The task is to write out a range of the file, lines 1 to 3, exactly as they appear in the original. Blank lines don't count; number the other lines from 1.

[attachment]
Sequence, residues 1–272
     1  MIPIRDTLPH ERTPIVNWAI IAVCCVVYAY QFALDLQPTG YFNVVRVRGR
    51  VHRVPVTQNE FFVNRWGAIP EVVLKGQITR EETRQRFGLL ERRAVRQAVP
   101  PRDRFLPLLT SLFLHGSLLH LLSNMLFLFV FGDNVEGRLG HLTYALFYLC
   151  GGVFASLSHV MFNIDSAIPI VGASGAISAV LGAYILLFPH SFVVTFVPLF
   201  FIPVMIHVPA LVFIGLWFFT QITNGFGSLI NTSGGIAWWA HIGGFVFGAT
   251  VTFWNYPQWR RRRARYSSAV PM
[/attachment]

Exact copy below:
Sequence, residues 1–272
     1  MIPIRDTLPH ERTPIVNWAI IAVCCVVYAY QFALDLQPTG YFNVVRVRGR
    51  VHRVPVTQNE FFVNRWGAIP EVVLKGQITR EETRQRFGLL ERRAVRQAVP